Yule or Winter Solstice (around 21 of December) is an old Germanic Midwinter celebration. Its name comes from the Old Norse language and means "wheel". This day defines the moment when the year wheel or sun wheel is in its lowest point and it's ready to start new circle. This holiday is considered to be one of the most important, the most popular and the holies days in a year. People celebrated the returning of God Baldr from the realm of Hel, they celebrated the Power of Life that would warm the Earth from the winter cold. Since this moment days became longer and nights shorter.
There're many interesting ancients traditions of Yule celebration. Some of them preserved till our days. For example, such evergreens like the hole, misletoe and laurel were used by people and Druids. They cut leaves and brought them in home as a symbol of life, rebirth, power, renewal. Misletoe was also used as the fertility amulet. Nowadays all these evergreen decorations are used as a symbol of resurrection and of immortal hope.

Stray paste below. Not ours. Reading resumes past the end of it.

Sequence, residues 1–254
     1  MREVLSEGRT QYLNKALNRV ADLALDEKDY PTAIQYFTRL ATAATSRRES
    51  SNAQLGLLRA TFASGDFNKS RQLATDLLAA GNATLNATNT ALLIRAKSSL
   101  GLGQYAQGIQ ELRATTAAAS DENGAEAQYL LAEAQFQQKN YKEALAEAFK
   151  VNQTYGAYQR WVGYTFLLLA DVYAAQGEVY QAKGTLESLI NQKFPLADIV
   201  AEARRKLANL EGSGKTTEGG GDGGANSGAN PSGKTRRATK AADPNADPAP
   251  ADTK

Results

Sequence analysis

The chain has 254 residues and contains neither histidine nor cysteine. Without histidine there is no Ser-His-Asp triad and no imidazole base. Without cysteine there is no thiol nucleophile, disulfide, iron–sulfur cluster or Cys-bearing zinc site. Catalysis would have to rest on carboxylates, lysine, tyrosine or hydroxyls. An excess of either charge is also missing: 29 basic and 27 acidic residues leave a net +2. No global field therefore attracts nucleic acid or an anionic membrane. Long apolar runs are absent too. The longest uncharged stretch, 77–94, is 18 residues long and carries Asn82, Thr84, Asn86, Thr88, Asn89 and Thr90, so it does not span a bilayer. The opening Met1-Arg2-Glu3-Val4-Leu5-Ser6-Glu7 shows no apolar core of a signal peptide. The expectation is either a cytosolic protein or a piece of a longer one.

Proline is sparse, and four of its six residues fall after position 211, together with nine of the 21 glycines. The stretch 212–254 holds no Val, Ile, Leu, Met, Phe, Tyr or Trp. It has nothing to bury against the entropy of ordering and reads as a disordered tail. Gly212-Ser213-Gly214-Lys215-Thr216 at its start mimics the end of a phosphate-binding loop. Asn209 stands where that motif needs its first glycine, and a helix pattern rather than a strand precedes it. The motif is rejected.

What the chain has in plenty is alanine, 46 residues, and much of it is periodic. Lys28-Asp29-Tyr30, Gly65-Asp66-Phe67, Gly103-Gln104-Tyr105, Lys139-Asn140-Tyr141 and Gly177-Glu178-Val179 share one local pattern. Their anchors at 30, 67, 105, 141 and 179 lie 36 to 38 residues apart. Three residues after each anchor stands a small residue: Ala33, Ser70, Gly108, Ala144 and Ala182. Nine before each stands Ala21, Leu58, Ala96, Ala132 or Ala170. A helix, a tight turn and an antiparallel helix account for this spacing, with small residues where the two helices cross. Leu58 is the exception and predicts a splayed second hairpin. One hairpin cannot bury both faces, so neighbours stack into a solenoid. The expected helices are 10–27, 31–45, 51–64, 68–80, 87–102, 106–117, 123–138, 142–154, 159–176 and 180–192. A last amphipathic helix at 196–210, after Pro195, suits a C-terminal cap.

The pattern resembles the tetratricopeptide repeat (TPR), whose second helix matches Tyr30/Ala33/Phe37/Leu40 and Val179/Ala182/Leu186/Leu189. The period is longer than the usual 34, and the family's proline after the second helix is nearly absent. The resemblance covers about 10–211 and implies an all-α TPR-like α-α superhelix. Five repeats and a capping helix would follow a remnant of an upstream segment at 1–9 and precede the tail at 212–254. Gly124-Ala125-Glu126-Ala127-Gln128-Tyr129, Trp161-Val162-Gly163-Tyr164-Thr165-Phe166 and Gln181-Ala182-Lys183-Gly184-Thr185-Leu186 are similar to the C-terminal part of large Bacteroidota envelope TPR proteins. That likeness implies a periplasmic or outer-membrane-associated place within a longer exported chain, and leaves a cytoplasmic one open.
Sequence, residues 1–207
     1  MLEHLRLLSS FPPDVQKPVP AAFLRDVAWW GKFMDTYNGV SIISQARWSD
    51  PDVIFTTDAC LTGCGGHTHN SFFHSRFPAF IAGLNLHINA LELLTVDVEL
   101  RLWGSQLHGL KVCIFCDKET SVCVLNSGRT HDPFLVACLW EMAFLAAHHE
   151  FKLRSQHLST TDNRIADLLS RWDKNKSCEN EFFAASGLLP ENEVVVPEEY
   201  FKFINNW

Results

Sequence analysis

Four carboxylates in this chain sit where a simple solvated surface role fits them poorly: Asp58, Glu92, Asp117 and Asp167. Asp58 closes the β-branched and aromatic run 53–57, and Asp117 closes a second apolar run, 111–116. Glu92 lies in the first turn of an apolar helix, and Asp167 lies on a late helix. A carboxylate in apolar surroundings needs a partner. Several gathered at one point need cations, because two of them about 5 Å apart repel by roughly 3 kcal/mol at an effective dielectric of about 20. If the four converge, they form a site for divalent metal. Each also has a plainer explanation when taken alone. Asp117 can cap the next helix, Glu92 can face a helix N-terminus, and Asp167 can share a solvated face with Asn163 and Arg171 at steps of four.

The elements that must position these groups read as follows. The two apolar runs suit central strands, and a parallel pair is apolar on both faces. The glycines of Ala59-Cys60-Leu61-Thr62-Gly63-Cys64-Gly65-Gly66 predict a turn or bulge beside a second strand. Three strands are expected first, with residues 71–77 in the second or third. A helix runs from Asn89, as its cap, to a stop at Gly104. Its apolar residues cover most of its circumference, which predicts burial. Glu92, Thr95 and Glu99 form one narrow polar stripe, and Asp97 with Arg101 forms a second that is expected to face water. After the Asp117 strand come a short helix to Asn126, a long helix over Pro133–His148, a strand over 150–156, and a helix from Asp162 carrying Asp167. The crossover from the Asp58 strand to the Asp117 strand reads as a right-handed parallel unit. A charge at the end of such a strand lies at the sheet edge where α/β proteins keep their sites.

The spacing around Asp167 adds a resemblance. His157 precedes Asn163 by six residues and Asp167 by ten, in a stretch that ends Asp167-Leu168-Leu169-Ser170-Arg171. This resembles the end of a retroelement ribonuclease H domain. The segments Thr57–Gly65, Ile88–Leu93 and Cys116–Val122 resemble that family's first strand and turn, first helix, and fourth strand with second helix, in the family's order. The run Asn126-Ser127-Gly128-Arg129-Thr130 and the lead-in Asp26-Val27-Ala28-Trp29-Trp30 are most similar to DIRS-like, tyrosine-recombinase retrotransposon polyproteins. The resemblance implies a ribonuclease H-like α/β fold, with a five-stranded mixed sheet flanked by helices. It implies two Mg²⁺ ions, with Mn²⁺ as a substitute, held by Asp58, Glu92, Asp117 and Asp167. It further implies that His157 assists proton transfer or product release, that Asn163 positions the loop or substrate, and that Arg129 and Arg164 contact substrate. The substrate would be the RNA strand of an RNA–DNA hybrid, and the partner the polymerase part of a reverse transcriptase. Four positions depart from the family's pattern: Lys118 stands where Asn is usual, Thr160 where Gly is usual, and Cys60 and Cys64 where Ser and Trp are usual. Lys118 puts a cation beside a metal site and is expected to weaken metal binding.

Yule Tree. Among early pagans the Yule Tree was a symbol of the Tree of Life. It was an important part of celebration. People decorated it with gifts that they wanted to get from the Gods. Also they the put on the tree fruits, berries, pinecones and symbols that were sacred for gods and goddess.
The Yule Log. This tradition came from the ancient Scandinavians. Every year they burned the huge log that fell from the Ash Tree in honour of the God Thor. At the same time Celts believed that this fire would protect their homes from different spirits. Also people believed that the longer log was burning, the faster Sun would come to warm the Earth from cold.
Candles became one more way to bring warmth and light to home, to protect it from evil spirits and lure the Sun light.
Wreaths. During the ancient times it was the symbol of the wheel of year. People made it from evergreens and decorated with berries. It served also as a gift of good life, health and friendship.
Wassail. From the Old English language this word means "be well", "good health". This strong drink was the mix of ale, honey and spices. During the feast the owners of the home greeted the guests with this dring. They lifted the glass wishing the good health "waes hael", guests answered "drinc hael" - "drink and be well".